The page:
A major victory these activists was the recent decision of the French Constitutional Court affirming “fraternité” as a constitutional principle. The ruling stated that “the concept of Fraternité confers the freedom to help others, for humanitarian purposes, without consideration for the legality of their stay on national territory”. While this is undoubtedly good news, there are some important concerns. First, there is the issue of compensation: the humanitarian action cannot have any direct or indirect benefit for the person performing it. However, compensation is not explicitly defined as financial gain, which leaves a grey area. One court in France has even ruled that if the humanitarian action contributes to a person’s activism that can be considered compensation. The court decision also leaves it up to the legislature how to balance the principle of fraternité with public order, which could still result in measures restricting assistance as part of the political agenda securitizing migration.
More troubling are the borders firmly in place that are evidenced in this decision. This principle of fraternité only applies in France, and it is not valid if one helps someone to cross a border. Not even two weeks after the court decision, on July 17th, four people were summoned to police custody in Briançon, accused of helping people to cross the border. Three other people in Briançon are awaiting trial on similar charges on November 8th. Despite the court’s decision on fraternité, it seems the délit de solidarité still exists.
Many European citizen activists claim that within Europe such obstacles to migration should not exist, and solidarity with migrants has become a Europe-wide struggle that goes beyond borders.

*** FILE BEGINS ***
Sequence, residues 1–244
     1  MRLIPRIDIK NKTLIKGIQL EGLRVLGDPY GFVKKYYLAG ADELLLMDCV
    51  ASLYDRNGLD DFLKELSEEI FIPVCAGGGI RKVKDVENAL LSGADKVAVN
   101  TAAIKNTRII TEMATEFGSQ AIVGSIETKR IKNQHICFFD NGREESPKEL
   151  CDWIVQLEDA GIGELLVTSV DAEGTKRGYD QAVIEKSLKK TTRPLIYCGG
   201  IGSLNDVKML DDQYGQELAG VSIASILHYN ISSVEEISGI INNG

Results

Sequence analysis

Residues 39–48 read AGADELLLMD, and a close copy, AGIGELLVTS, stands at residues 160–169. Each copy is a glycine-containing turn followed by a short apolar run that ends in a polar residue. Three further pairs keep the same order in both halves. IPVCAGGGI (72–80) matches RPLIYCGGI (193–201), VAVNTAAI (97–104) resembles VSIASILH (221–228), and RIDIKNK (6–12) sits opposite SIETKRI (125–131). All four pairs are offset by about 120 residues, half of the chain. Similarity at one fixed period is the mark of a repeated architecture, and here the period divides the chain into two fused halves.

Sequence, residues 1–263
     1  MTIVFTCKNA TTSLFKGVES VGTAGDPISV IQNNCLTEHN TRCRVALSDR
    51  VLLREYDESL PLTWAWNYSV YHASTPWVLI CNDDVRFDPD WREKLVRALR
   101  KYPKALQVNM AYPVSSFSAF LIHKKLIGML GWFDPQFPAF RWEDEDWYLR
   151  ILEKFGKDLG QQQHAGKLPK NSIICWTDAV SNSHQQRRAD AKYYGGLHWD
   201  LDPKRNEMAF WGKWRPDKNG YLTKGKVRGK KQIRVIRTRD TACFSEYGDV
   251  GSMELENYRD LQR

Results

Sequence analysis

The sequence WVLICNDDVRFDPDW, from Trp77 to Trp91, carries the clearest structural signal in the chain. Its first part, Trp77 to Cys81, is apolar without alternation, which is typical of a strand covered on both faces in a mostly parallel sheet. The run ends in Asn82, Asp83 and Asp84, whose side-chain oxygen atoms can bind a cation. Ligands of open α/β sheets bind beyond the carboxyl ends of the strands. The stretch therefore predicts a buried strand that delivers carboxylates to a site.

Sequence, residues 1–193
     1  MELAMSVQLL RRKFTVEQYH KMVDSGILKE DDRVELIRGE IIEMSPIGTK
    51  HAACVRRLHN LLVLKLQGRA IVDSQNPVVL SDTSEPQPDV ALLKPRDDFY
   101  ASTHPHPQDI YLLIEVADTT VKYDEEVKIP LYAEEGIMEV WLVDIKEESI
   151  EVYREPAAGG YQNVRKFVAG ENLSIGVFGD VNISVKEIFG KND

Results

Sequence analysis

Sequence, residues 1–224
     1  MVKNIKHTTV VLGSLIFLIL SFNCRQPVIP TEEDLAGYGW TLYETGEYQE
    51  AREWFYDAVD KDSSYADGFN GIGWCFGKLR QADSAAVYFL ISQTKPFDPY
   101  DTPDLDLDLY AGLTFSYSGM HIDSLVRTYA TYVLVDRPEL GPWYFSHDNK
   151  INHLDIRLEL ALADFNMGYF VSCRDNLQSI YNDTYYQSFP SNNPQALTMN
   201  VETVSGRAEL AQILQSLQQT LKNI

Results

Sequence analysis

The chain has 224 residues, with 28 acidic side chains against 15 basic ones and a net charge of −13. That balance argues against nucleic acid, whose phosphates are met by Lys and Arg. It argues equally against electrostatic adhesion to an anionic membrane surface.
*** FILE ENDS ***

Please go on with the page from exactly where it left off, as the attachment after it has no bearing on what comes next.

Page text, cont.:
Although the 2002 EU Facilitation Directive that criminalises any act that facilitates the entry, transit or stay of unauthorised foreigners does include a provision for humanitarian exceptions, few states have put such measures in place. Activists across Europe have launched We are Welcoming Europe, a European Citizen’s Initiative calling for an end to the criminalisation of humanitarian assistance to migrants across Europe. The ECI is “the first transnational instrument of participatory democracy allowing one million citizens to invite the Commission to initiate legislation on a matter those citizens deem important”. It is a key example of people using their rights as European citizens to defend the rights of non-citizens.
The spiraling securitization of migration that is hardening Europe’s borders to external migrants also has perverse consequences for freedom of movement for citizens within the EU. Despite freedom of movement rights in the EU, citizens face difficulties when migrating to another EU country, and there are even more challenges when internal EU borders are closed. The ACT4FreeMovement initiative is campaigning to defend mobile citizen rights in Europe, which benefits Europeans and immigrants alike.
Regardless of how fraternité is eventually legislated in France, across Europe citizens are performing fraternité beyond borders in their acts of solidarity with migrants, proving that the citizens of Europe can be welcoming even when the state is not. Where politicians have failed, ordinary citizens are setting an example of what it means to be a European citizen.
Janina Pescinski is part of the ‘ACT4FreeMovement’ program in support of the free movement of EU citizens. She will participate at the Campus of European Alternatives starting this week in Florence. The Campus of European Alternatives 2018 brings together activists and opens a space for exchange, reflection and action for both the participants of the summer school and of European Alternatives’ training programs in 2017 and 2018: ACT4FreeMovement and Countering Hate and Far Right Radicalism in Central and Eastern Europe. It aims to be the first step to build a transnational community of activists and researchers which reflects on new political trends, shares experiences and strategies, explores what transnational activism is and plans next steps for cooperation, campaigns and actions for a joint response to counter the far-right in Europe and beyond.